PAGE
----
7. Finally, on January 30, 2006, Tarsha obtained a $188,500 line of credit on the 390 Cox Road parcel through Countrywide. (SAC 13; Defs.' RJN Ex. B.) Countrywide's interest was again secured by a deed of trust, recorded February 1, 2006. (Id.)
Tarsha maintains that each transaction above was procured by fraud on Rodriguez's part. (See SAC 5-12) For instance, Rodriguez repeatedly inflated Tarsha's income on loan and line-of-credit applications in order to secure approval. (Id.; SAC Exs. 1, 8, 13.) Rodriguez reported Tarsha's monthly income as $27,000, a figure that she contends she has never made. (SAC 7.) Tarsha also alleges that Rodriguez knowingly failed to document her extensive liabilities and inflated the value of her properties on certain loan applications. (Id.) Finally, Tarsha contends that Rodriguez consistently failed to provide her with disclosures required by federal law throughout the various transactions. (Id. at 5-12.)
Ultimately, Tarsha believes that Rodriguez induced her into repeated transactions for the sole purpose of generating fees for himself and other Countrywide affiliates, such as Landsafe. (See, e.g., id. at7-8.) Although Rodriguez assured Tarsha that refinancing would help her stay in her home, each transaction only made her worse off: she incurred substantial pre-payment penalties with each refinance, she received no cash payouts as a result of the refinance and line-of-credit transactions, her total indebtedness to Countrywide increased with each transaction, and the term of her indebtedness was only extended further into the future. (Id. at 5-12.)
In early 2008, Tarsha defaulted on her 424 Cox Road mortgage (transaction four above). (SAC 22.) Recontrust, the trustee identified on each deed of trust executed on behalf of Countrywide, recorded a notice of default and election to sell on May 27, 2008. (Defs.' RJN Ex. H.) On September 3, 2008, Recontrust recorded a notice of trustee's sale on the 424 Cox Road property. (Defs.' RJN Ex. I.) Soon after, Tarsha also defaulted on her 390 Cox Road mortgage (transaction six above). (Defs.' RJN Ex. D.) On February 20, 2009, Recontrust recorded a notice of default for that property as well. (Id.) Tarsha entered into Chapter 13 bankruptcy protection in August 2010, and was discharged on March 9, 2011. (SAC 15.) Tarsha filed her instant action in this Court on April 30, 2011. (See Compl. [Doc. 1].)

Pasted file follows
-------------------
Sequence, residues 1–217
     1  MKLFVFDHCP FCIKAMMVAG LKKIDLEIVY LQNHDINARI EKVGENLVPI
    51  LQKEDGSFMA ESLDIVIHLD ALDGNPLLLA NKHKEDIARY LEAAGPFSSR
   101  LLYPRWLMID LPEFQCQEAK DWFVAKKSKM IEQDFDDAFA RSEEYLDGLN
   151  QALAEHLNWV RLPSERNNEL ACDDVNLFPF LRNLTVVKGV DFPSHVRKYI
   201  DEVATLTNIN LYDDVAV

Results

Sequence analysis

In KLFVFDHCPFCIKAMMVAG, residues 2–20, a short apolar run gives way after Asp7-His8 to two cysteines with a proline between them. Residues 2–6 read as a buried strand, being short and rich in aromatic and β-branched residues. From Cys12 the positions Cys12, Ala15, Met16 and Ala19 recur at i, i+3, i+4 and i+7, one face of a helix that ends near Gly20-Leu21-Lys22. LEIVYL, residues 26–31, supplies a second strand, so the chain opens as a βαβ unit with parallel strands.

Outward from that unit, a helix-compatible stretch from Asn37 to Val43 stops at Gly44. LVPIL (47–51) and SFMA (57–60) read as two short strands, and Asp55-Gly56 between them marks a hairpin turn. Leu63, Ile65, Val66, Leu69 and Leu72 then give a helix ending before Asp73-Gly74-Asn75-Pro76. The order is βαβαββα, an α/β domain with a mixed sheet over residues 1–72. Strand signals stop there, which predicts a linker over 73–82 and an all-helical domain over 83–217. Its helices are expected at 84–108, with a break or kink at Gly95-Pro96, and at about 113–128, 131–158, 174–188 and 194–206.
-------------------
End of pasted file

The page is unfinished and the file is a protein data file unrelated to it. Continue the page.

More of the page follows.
On February 10, 2012, Tarsha filed her FAC in the instant case. (See FAC.) Tarsha asserted ten causes of action: (1) fraud - intentional misrepresentation; (2) fraud - negligent misrepresentation; (3) breach of fiduciary duty; (4) violation of the Truth in Lending Act ("TILA"); (5) violation of the Real Estate Settlement Procedures Act ("RESPA"); (6) violation of the Fair Debt Collection Practices Act ("FDCPA") and California's Rosenthal Fair Debt Collection Practices Act ("Rosenthal Act"); (7) violation of California's Unfair Competition Law ("UCL"); (8) breach of implied covenant of good faith and fair dealing; (9) wrongful foreclosure; and (10) quiet title. (Id.) Tarsha also sought equitable tolling on the applicable statutes of limitation and requests arbitration/mediation of her substantive claims. (Id. at 33-36, 39.) Defendants moved to dismiss each of Tarsha's claims. (See Mot. Dismiss FAC [Doc 18].)